Perhaps the most broadly investigated and widely accepted attribute of bee propolis is its
immune-boosting activity. It is a natural, broad-spectrum antibiotic that activates the . Bee propolis not only prevents infectious diseases, but clears them from
the system, as well.
As demonstrated in numerous experiments, propolis has the
ability to directly destroy bacteria, viruses, and fungi, even penicillin-resistant
Bee propolis is formidable
This trait is attributed to the bioflavonoids present in propolis, which have a protective
effect against viral infections. Viruses are enclosed in a protein coating. As long as it
remains unbroken, the infectious and dangerous material remains imprisoned and is harmless
to the host organism. Unfortunately, within the host their are enzymes which remove the
protein coating, thus releasing the harmful material to wreak havoc within the system.
With the presence of bee propolis in the system, however, this doesn't occur. The
bioflavonoids inhibit the enzymes from removing the protein coating, keeping the viral
material locked inside. These same flavonoids maintain the protective coating around the
virus, thus rendering it inactive. With the presence of the bioflavonoids, the host
virtually becomes immune to the virus
Another way in which propolis aids the immune system is its ability to strengthen
phagocyte activity. Phagocytes are cells that are able to surround, engulf, and digest
microorganisms and cellular debris. This increase in activity with the introduction of bee
propolis was observed and documented by a number of Soviet and European scientists.
The Power of Propolis
The power of propolis is wide-ranging and of immense benefit to humans, as well as to its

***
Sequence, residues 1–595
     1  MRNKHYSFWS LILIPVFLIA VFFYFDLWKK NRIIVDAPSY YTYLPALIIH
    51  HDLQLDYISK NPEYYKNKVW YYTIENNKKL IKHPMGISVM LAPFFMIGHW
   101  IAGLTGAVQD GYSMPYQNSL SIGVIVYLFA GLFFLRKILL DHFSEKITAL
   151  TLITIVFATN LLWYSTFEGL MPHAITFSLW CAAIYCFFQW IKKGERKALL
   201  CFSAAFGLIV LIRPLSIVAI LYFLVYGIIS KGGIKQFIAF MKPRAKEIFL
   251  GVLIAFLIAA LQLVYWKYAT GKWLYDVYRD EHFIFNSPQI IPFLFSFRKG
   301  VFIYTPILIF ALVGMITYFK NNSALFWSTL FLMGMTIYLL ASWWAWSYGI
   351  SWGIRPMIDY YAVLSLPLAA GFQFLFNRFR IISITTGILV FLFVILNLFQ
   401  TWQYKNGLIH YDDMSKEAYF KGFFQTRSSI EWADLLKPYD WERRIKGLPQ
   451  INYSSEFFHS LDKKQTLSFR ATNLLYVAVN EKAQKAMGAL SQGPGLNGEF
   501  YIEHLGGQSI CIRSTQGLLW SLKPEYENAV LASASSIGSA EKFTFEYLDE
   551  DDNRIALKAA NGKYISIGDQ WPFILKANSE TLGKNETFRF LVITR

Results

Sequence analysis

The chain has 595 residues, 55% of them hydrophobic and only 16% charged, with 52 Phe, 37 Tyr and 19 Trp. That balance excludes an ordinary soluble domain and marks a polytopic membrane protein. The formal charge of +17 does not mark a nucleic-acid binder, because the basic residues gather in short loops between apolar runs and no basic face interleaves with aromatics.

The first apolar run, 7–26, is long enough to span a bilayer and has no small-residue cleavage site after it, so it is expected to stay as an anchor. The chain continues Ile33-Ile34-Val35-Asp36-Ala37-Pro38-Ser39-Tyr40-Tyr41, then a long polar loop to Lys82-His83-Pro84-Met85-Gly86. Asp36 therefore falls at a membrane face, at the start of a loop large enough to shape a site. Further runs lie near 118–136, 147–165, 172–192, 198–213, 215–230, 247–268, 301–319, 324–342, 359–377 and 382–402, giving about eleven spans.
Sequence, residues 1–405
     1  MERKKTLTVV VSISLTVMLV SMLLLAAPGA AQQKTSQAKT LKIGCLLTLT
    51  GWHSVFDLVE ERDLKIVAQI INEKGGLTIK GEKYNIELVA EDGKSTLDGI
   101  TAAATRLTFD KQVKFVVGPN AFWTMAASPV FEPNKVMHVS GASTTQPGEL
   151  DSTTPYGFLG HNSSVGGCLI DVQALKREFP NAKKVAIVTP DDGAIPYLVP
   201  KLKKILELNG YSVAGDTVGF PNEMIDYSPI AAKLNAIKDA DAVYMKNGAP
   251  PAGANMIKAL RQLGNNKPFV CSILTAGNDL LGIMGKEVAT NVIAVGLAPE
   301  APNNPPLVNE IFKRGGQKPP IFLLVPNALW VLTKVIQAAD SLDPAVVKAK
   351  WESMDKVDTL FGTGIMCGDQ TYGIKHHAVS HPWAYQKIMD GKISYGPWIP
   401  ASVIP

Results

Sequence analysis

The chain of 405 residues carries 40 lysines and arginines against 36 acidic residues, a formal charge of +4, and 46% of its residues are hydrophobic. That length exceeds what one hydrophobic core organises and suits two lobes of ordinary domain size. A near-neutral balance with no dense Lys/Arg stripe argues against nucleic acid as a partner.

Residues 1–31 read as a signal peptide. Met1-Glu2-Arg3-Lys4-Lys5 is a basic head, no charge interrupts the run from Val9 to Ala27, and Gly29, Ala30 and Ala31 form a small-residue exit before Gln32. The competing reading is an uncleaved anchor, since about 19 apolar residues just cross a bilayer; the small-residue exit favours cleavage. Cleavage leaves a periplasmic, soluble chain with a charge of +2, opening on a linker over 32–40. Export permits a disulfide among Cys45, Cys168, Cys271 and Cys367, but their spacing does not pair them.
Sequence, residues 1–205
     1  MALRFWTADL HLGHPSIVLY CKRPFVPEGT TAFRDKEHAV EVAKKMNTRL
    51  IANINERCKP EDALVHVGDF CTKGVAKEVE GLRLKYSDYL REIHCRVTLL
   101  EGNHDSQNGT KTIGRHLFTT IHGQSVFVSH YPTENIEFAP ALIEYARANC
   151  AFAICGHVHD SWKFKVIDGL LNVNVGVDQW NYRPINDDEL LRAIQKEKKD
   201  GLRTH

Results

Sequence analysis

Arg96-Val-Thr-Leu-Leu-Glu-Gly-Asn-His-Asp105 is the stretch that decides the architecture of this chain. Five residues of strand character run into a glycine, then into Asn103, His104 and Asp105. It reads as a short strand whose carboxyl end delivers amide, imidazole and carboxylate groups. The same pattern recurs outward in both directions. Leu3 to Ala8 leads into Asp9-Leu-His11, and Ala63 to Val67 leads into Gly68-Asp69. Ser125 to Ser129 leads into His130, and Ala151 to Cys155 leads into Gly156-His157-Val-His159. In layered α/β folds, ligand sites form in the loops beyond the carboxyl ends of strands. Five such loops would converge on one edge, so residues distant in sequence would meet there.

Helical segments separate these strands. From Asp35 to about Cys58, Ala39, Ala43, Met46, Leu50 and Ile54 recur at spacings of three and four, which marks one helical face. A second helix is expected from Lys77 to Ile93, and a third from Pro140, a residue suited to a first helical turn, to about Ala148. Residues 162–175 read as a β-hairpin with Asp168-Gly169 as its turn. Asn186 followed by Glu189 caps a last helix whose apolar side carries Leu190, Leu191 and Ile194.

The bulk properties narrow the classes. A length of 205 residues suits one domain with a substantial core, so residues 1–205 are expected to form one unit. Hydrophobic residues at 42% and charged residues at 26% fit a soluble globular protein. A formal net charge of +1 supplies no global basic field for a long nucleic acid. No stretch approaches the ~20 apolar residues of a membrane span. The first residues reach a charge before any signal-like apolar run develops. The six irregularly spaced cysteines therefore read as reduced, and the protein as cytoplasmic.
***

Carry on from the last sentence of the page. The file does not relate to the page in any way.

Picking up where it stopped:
creator--the little honey bee. People suffering from high
levels of blood fat can benefit from taking bee propolis. At
the Worker's Hospital of Lian Yun Gang, Jiangsu Province in the People's Republic of
China, Dr. Fang Zhu chose 45 patients suffering from hypertension, arteriosclerosis, and
coronary heart disease and gave them 300 mg of bee propolis three times a day for 30 days.
At the end of that period all patients showed a significant reduction of blood fats and
improvement in related disorders.
Another benefit of propolis is its inhibitory effect on certain prostaglandins, which it
accomplishes by blocking the enzymes that form specific prostaglandins. This can be of
immense benefit to those suffering from aches and fever, which are caused by
prostaglandins. Bee propolis acts in nearly the identical way
aspirin does by blocking the same enzymes, yet without the negative side effects you can
get with aspirin.
This enzyme-blocking, prostaglandin-inhibitory effect is also beneficial to the mouth and
throat. For instance, a leading cause of dental problems is
the erosion of the gums and tissues that line the tooth sockets. Inflammation and
infectious bleeding can cause a weakening of the bone structure and tooth loss. But
propolis, by blocking specific enzymes, prohibits the formation of the prostalandins which
cause the inflammation, bleeding, and eventual decomposition. At the same time, propolis
actually stimulates other specific enzymes which strengthen the walls of the blood vessels
in the gums, thereby having a twofold effect on the mouth.
When inflamed and sore, the throat responds favorably to propolis, and for the same
prostaglandin inhibition reasons. By inhibiting prostaglandin formation, inflammation
recedes and diminishes.
Another attribute of bee propolis is its ability to correct
and stabilize proper protein metabolism. A team of physicians
at the Institute of Radiology & Serajevo, Yugoslavia treated patients who were
suffering from radiation complications. These patients had serious liver damage caused by
improper protein metabolism and X-rays. The patients were given bee propolis for two
months. Another group of patients, also suffering from radiation complications, were given
a placebo. At the end of two months, those taking bee propolis had significantly improved,
with some patients' symptoms completely disappearing. No improvements were observed in the
group given the placebo.
The Human Equation
Bees have used propolis for millions of years, and humans have used it for thousands. Both
species find it immensely useful and beneficial. Much of the bees' success in surviving
through the ages may be accredited to propolis. As humans, we may yet discover we've only
just scratched the surface to the benefits of this resinous wonder.